Highland Heat and Power Open Day Easter Saturday

An invitation from H&I Bioenergy steering group member Stewart Macintyre.

In addition to our range of Windhager, ETA and Heizomat wood boilers, Highland Heat and Power are now able to supply and install a great range of wood stoves and fireplaces. At their new Highland Home Centre showroom in Dalfaber, Aviemore, we have teamed up with Cairngorm Spas, who supply hot tubs, saunas, barbeques, all to ensure that you keep warm and comfortable outside as well as indoors!

The Highland Home Centre showroom opens this Saturday, 30th March, between 10am and 4pm, when we would be delighted if you were able to join us, whether to discuss your project or to grab some lunch. Danny Alexander MP, will perform the official opening ceremony at 1pm.

Highland Heat & Power Limited
Speyside Business Centre
13 Dalfaber Industrial Estate
PH22 1QH
See the attached poster and share with anyone you think might be interested.

The wind is in the willows on Orkney

Scientists at Rothamsted Research, Imperial College London and the University of the Highlands and Islands’ Agronomy Institute (at Orkney College UHI) have discovered that differences in the ease with which sugars can be extracted from willow can be explained by differences in their wood composition in response to conditions that induce growth stress. Growing willow varieties in environments with strong winds can result in changes in the wood which improves their ability to be used as a renewable biomass resource. In a paper published in Biotechnology for Biofuels, the team describe how this finding will help scientists and breeders improve willow as a source of wood for biofuels and other products normally made unsustainably by refining oil. This work forms part of the BBSRC Sustainable Bioenergy Centre (BSBEC) where it is linked with other programmes aimed at improving the conversion of biomass to fuels.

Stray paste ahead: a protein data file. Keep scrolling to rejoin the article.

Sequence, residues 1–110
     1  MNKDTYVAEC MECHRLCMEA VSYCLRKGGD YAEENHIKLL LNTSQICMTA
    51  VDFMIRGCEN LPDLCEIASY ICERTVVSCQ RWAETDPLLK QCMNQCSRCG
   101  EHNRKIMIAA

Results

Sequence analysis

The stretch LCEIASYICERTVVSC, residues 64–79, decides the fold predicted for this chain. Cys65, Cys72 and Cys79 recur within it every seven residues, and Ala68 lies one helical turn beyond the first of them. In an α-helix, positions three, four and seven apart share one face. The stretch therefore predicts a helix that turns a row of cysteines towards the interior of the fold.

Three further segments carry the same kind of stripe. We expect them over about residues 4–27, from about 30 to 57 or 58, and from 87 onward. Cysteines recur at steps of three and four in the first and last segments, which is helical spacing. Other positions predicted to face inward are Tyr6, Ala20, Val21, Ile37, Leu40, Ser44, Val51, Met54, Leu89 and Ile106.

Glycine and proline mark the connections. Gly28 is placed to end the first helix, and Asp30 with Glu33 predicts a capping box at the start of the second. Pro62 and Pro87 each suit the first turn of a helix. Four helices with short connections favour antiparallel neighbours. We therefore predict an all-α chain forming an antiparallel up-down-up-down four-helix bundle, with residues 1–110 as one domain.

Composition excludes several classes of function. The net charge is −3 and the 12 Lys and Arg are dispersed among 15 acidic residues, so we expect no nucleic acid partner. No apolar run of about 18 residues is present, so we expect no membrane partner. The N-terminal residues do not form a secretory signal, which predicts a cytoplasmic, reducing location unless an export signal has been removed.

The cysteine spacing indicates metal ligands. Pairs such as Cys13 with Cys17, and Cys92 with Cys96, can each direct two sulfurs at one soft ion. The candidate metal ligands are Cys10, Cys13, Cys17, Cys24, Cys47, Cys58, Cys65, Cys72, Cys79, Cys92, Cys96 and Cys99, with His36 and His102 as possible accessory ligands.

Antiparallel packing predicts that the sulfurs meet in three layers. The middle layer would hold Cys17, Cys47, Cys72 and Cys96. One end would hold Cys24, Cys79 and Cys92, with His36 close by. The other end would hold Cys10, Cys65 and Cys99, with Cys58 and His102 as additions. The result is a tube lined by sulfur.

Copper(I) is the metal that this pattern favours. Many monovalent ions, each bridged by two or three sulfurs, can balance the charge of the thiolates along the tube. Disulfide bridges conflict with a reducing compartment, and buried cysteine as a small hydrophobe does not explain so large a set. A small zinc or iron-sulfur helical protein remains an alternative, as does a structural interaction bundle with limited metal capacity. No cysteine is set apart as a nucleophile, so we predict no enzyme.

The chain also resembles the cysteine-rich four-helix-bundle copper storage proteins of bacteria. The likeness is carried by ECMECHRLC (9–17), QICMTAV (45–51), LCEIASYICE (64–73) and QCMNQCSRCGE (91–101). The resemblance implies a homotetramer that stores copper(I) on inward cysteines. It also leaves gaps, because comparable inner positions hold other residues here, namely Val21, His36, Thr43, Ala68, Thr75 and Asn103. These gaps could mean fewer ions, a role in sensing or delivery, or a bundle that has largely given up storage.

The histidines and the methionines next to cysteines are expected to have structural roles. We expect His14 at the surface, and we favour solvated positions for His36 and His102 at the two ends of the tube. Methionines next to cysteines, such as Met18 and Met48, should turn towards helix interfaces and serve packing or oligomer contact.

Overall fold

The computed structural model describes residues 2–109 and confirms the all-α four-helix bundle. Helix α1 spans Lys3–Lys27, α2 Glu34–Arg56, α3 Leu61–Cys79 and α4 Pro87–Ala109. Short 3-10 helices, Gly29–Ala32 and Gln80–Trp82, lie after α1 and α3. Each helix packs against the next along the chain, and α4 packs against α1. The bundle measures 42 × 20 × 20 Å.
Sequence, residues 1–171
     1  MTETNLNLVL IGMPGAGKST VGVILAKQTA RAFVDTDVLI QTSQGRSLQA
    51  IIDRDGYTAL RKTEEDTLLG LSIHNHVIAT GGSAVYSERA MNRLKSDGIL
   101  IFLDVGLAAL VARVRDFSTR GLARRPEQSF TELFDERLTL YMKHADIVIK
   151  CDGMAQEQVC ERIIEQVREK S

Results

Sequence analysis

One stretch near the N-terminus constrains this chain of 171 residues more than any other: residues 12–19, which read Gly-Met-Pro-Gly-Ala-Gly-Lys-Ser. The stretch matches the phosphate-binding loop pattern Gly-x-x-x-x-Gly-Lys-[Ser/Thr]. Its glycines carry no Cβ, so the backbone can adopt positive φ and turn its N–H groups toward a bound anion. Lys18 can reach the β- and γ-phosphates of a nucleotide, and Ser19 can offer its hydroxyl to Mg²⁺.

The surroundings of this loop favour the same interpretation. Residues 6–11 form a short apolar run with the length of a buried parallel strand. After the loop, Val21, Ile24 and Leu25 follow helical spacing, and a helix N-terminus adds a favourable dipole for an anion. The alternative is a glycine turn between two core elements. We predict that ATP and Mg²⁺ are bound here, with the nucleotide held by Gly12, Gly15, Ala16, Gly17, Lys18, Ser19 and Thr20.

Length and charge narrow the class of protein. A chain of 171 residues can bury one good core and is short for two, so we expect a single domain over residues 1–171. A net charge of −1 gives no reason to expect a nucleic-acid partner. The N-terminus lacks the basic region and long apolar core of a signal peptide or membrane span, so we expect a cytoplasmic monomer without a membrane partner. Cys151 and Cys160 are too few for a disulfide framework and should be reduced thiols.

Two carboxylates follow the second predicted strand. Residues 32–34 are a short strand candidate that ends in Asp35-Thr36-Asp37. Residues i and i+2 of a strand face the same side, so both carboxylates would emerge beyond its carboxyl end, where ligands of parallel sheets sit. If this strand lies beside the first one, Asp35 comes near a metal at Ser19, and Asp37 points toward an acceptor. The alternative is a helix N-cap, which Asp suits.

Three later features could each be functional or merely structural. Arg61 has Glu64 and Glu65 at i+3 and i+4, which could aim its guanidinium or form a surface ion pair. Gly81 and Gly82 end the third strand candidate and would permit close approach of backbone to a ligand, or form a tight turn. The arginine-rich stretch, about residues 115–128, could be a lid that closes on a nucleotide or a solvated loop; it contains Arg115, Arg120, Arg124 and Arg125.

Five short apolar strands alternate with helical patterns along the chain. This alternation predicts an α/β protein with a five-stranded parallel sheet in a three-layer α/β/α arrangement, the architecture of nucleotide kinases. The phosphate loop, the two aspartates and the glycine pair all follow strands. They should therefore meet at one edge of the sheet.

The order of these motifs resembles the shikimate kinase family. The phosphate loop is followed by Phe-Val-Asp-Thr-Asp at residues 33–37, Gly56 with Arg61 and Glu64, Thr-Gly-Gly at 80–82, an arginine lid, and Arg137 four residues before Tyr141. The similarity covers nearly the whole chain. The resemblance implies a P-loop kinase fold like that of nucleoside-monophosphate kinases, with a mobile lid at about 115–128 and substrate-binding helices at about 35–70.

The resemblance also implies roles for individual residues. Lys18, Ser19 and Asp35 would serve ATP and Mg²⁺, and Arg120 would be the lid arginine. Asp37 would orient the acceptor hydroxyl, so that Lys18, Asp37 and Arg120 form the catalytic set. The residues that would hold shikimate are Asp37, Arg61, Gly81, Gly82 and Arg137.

Willows are grown as energy crops to provide alternative sources of fuel capture carbon from the atmosphere and fix carbon in the soil. Rothamsted Research holds the National Willow Collection, one of the largest collections of willow in the world. Traditionally grown for basket-making willows are important energy crops because they re-grow quickly after being cut back (or coppiced) with only minimal fertiliser applications; approximately one quarter of that needed for wheat. Willow plantations are also attractive to wildlife and help capture carbon in the soil, which could reduce greenhouse gasses and help combat climate change.

This paper confirms another real benefit of willow – it can be grown in climatically challenging conditions where the options for growing food crops are limited, therefore minimising conflicts of food versus fuel.